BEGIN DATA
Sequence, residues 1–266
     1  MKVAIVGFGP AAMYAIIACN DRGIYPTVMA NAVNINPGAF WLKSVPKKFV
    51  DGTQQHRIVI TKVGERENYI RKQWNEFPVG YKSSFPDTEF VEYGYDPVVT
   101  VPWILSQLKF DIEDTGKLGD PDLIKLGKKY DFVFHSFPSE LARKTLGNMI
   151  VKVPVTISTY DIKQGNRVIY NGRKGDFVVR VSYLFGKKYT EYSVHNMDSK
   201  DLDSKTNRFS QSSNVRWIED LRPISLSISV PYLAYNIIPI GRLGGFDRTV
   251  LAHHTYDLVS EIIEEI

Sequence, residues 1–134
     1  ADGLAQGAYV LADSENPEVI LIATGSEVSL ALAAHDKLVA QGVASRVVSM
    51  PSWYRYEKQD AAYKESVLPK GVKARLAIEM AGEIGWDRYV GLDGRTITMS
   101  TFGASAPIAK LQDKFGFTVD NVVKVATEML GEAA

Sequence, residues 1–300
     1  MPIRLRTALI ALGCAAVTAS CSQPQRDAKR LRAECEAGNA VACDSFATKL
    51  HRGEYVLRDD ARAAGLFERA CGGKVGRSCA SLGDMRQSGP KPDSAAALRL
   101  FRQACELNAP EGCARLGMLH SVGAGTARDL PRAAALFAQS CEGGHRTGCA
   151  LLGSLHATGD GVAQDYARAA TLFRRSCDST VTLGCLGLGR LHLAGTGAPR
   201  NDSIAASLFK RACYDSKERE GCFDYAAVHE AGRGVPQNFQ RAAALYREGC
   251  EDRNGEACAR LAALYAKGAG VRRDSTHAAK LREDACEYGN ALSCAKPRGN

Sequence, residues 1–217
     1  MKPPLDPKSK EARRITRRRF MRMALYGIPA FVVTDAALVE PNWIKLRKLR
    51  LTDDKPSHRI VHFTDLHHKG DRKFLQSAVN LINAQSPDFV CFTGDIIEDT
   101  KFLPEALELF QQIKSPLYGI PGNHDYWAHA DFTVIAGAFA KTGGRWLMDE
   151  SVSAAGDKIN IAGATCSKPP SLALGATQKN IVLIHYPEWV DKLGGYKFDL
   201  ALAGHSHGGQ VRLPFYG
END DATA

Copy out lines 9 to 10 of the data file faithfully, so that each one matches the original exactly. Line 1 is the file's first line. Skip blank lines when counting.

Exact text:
     1  ADGLAQGAYV LADSENPEVI LIATGSEVSL ALAAHDKLVA QGVASRVVSM
    51  PSWYRYEKQD AAYKESVLPK GVKARLAIEM AGEIGWDRYV GLDGRTITMS